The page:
Associated Press
President Barack Obama, right, and British Prime Minister David Cameron, left, talk in the Oval Office of the White House.

Prime Minister David Cameron's coalition government in Great Britain has just introduced a serious and detailed deficit reduction plan that shows how a responsible government can make hard choices to protect its children from the indulgence of its adults.

Borrowing can make sense when purchasing an asset that will provide benefit far into the future. Borrowing can also make sense to get through a particularly rough economic patch. People can debate about what constitutes a worthwhile long-term benefit, but at some point borrowing becomes indulgence — securing unaffordable short-term benefits at the expense of future generations. Refreshingly, the new political leaders in the UK have admitted that their public debt is indulgent.

Britain's public debt now exceeds 85 percent of its annual GDP, requiring it to make debt payments of over $192 million each day. It has the largest structural deficit in Europe.

So how are they addressing the issue? The government has introduced an austerity package that will cut $130 billion over four years. Close to half a million civil service jobs will be eliminated. Entitlement programs will be reformed and retirement age will rise. Although Britain will not reduce its commitment to Afghanistan, there will be deep cuts in the military, including the scrapping of whole weapons systems.

Let's put this in perspective. Britain is about one-fifth the size of the United States, but it also has a larger public sector on its national payroll. If we tried to do what Britain is attempting it would require roughly $1 trillion in deficit reduction for the next four years. That is four times the amount President Obama has asked his deficit reduction commission to do. If we were to cut one of every 12 government jobs, like Britain, it would mean laying off 180,000 federal workers.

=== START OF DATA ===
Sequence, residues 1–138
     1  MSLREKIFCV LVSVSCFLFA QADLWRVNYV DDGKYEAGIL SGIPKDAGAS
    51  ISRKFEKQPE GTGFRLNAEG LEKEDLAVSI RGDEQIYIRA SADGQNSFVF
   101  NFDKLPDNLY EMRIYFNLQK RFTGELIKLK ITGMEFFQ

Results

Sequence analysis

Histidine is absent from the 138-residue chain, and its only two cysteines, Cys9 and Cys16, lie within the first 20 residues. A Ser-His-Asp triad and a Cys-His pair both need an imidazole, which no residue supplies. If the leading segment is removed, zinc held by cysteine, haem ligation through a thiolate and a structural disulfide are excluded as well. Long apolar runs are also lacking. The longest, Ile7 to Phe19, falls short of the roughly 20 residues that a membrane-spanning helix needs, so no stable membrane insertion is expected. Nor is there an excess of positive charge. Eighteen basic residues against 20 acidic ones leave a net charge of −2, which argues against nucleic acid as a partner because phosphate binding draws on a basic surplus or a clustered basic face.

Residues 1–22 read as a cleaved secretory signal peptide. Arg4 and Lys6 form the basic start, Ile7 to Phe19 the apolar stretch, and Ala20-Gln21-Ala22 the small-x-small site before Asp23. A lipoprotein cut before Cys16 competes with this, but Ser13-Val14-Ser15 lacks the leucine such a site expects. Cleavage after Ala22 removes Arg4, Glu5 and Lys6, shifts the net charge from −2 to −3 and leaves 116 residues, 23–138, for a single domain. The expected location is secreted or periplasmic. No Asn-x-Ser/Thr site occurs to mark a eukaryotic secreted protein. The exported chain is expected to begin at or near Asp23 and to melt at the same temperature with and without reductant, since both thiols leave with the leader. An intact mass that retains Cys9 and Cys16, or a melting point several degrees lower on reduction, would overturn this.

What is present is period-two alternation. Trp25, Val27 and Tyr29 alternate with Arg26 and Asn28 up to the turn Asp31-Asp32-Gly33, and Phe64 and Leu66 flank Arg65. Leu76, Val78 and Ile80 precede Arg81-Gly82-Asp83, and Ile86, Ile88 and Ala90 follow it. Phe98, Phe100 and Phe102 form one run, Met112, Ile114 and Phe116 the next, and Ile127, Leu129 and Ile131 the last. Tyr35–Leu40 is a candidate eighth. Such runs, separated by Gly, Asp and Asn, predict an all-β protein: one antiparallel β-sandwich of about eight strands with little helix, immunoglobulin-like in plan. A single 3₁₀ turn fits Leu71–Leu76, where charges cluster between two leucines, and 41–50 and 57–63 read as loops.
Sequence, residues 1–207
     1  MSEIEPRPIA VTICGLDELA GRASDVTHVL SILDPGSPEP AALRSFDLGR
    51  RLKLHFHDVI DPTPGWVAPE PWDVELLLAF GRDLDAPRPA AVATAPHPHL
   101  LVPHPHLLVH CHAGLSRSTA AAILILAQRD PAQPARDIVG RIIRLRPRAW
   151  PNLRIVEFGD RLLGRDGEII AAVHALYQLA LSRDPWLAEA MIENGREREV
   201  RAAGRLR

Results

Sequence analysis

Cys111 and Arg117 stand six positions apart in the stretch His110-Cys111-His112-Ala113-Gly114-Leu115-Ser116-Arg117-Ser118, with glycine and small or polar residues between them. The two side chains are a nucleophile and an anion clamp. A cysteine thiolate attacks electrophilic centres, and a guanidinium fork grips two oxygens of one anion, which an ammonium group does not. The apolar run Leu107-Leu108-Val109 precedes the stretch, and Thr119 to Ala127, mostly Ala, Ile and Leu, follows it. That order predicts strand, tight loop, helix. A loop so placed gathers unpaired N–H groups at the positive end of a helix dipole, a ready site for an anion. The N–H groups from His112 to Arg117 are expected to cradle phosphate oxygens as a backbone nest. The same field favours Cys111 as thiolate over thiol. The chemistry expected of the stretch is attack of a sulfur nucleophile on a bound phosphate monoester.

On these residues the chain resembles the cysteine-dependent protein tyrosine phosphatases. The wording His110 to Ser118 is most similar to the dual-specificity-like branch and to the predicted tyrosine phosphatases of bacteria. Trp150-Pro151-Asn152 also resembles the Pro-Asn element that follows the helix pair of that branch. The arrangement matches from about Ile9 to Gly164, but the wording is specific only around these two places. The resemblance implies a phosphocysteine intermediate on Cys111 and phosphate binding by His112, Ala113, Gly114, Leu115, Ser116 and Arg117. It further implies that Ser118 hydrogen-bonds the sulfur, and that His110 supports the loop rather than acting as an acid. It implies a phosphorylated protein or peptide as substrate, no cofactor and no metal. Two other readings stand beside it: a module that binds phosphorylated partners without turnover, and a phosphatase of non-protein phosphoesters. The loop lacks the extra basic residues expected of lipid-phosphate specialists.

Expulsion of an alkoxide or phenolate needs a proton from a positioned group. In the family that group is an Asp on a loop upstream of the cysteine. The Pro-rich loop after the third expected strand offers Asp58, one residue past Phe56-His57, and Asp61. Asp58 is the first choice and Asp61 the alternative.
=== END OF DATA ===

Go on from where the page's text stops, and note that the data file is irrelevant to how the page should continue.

It is fascinating to see the same treasury that once employed John Maynard Keynes propose this serious belt-tightening during a flagging economic recovery. But instead of fretting about what austerity might do to the current economy, the British treasury has decided that fiscal responsibility today will provide long-term benefits in the future.

27 comments on this story

When the most recent elections in Britain forced a coalition between the Conservatives and the Liberal Democrats there was initial concern that indecision would reign. Quite the opposite. This centrist coalition is quickly making the toughest of tough choices. Perhaps the simple explanation is that Britain doesn't have the same access to Chinese credit markets that the United States enjoys. But the way we view it, they have chosen to behave like responsible adults. They are throwing away the credit cards and living within their means.